Take my case. I know that there is not a cat in hells chance of receiving even my 70% allocation, as I am at the end of the channel, and at the best of times I have had a hard time getting water, risking life and limb in doing so. My neighbor next door to me is in the same boat as we both share the last ‘pole’. I have therefore taken the decision as noted below to completely pump the water from the river that runs alongside my property and not depend on the supply of water from the tank. My neighbor being landlocked is not so fortunate. He does not have pumps and pipes, and he is therefore hoping he will be able to get his 70% allocation, and even if I give him all the water that by some chance comes to my land, out of pity for him, he may have to see his whole effort ruined and suffer a devastating loss in his quest to cultivate. Don’t forget that he will also lose on the fertilizer, which is heavily state-subsidized, which will be effectively wasted. You the reader is paying for this fertilizer, which I can tell you now will be of no use, when his cultivation is abandoned eventually when he gives up his forlorn effort.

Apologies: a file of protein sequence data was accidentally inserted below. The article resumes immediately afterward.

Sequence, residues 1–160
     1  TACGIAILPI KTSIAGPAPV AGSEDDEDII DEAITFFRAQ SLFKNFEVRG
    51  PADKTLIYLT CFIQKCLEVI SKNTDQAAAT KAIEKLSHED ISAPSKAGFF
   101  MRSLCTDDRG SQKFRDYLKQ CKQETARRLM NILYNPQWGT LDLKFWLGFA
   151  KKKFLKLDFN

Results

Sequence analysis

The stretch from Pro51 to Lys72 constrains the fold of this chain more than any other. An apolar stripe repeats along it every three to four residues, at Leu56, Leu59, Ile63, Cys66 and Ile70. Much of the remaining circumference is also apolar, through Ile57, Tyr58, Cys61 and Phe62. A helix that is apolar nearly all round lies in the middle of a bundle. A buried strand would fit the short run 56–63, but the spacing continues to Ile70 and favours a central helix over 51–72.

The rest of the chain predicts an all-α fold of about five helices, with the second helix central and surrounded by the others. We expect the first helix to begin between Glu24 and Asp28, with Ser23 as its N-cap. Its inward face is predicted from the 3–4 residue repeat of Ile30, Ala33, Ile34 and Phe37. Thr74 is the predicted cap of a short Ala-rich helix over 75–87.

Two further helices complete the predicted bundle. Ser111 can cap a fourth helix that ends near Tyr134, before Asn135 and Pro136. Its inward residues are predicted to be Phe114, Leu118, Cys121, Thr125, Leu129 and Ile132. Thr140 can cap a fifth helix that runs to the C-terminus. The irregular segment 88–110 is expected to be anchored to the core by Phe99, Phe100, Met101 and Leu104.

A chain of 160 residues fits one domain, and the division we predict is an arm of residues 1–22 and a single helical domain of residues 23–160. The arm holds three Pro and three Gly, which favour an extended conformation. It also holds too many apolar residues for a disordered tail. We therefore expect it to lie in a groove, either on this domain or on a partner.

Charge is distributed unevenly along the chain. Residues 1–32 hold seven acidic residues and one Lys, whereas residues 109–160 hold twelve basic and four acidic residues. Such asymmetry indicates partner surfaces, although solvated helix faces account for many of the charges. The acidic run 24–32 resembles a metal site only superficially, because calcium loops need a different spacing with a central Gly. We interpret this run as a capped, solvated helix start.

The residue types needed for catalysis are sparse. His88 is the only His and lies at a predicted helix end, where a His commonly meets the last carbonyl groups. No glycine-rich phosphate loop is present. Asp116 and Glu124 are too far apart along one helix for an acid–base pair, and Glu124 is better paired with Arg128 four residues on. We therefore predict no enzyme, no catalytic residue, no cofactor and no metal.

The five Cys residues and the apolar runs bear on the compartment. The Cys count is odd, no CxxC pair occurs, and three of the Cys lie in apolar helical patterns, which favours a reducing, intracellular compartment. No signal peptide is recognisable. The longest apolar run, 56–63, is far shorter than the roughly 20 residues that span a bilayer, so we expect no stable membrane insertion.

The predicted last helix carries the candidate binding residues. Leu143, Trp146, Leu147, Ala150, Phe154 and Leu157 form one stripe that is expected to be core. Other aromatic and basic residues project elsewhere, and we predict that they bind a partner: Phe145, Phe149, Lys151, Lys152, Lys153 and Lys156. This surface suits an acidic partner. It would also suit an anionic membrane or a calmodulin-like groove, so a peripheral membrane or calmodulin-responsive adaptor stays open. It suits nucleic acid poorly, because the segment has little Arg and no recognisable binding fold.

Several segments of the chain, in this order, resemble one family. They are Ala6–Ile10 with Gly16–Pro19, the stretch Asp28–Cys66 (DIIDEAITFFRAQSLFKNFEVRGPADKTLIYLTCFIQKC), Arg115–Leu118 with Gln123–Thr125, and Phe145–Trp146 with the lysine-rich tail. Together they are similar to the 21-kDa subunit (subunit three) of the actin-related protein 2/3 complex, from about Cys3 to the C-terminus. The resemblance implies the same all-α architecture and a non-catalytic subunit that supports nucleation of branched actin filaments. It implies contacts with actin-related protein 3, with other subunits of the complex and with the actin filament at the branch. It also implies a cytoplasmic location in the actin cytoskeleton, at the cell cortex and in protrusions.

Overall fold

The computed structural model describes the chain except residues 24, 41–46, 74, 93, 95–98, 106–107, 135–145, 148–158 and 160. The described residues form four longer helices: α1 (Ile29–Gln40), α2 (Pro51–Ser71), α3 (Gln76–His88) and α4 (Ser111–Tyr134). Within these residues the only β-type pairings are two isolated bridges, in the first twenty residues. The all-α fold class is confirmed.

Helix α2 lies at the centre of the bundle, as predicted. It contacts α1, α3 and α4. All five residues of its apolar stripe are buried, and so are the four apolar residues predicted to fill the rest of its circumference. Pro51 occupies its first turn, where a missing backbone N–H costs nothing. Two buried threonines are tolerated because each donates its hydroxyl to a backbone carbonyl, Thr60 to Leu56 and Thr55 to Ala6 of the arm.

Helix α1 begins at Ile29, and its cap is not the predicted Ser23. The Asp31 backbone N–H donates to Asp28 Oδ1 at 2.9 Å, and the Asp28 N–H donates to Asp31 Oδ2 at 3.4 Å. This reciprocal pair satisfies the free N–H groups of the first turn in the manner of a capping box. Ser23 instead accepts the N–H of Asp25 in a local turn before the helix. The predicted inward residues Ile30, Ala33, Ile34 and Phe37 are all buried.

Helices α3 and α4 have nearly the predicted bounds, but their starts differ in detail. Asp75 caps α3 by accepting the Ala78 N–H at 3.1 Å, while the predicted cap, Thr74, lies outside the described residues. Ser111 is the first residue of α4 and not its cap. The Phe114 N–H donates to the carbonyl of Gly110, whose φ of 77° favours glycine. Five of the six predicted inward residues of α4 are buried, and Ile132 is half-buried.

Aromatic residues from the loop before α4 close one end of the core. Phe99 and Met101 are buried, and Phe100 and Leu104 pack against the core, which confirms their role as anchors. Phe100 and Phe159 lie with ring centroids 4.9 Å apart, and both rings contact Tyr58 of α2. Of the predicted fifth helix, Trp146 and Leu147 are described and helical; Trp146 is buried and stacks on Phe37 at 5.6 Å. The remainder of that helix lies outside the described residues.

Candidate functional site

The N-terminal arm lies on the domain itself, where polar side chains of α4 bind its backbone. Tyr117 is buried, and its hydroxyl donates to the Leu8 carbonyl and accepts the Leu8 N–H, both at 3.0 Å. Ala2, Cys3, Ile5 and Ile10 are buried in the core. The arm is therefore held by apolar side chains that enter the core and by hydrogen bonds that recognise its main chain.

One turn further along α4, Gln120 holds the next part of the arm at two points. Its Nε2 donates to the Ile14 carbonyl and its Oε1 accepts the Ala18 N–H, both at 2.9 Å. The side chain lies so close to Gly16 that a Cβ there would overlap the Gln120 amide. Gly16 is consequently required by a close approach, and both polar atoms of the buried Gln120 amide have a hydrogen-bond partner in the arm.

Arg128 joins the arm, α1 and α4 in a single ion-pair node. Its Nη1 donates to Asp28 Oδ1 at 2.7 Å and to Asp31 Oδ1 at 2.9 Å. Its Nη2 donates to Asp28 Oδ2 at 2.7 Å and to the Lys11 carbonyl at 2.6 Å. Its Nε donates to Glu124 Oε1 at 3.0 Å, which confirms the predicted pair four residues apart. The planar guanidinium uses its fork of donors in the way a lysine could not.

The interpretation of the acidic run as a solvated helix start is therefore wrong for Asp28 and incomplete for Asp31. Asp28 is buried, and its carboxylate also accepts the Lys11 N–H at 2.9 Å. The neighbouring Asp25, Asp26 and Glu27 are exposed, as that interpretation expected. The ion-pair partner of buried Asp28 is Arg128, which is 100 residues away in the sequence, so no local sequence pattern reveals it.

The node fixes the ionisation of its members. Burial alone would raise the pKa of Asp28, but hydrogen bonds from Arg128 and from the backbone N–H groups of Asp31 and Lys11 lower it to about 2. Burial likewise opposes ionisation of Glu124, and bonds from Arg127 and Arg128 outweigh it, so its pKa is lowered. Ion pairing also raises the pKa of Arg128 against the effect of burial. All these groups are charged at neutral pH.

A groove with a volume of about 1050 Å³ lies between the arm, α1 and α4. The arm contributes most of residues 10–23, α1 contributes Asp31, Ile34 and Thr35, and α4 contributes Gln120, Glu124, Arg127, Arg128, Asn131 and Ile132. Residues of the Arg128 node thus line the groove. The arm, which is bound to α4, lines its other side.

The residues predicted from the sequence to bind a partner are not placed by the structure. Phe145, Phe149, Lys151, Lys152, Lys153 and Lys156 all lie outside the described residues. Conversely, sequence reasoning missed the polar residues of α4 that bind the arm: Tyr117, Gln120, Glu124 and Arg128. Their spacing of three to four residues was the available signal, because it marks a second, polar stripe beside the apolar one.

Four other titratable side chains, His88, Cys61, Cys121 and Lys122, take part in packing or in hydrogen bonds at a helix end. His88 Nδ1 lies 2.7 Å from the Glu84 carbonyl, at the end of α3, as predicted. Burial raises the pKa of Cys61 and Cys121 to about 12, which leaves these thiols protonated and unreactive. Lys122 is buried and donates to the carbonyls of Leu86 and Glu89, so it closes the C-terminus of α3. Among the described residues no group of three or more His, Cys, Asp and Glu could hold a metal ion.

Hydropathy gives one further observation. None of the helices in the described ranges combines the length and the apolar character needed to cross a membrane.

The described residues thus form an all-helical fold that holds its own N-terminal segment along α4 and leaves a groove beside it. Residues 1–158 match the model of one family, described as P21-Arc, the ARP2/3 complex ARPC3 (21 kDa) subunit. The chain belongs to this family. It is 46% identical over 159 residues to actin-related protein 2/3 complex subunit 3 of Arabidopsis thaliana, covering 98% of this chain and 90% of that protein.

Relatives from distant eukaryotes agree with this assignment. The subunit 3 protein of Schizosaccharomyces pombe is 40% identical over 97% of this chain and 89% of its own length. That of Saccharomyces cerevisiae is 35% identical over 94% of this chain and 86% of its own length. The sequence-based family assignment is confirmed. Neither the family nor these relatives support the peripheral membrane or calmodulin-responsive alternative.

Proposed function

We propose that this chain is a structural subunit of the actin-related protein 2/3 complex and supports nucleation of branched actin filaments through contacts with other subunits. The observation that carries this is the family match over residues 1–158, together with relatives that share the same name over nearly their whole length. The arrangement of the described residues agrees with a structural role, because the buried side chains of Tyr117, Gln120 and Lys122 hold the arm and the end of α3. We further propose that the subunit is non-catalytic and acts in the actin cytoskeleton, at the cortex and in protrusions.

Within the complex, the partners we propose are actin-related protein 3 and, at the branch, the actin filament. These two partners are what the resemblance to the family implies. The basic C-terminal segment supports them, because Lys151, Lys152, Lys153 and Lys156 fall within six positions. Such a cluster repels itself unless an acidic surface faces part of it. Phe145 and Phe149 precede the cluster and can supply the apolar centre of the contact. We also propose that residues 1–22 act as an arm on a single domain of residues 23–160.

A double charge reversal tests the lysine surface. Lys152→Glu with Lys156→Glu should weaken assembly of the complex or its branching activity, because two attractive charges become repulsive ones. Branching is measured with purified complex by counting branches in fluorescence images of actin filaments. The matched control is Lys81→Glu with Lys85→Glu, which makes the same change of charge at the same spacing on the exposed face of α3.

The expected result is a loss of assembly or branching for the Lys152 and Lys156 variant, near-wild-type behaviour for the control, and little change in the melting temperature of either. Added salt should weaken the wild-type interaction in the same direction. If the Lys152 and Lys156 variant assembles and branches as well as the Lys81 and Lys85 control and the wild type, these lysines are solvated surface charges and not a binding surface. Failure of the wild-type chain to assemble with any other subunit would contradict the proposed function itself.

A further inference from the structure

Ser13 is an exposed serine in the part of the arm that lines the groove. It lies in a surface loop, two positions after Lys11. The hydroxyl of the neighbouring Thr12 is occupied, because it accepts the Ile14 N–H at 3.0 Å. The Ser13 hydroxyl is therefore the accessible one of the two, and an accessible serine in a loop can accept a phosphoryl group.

Who benefits from this gerry mandering of lands? No one, certainly not the consumer, who will have to pay a higher price for rice, as we will also have to import the shortfall to meet the demand. When you have a scarce commodity like water, that is given free, you will have an unequal and inequitable distribution of this not based on need, but on entitlement, resulting in a waste of water, while some don’t even get their due amount.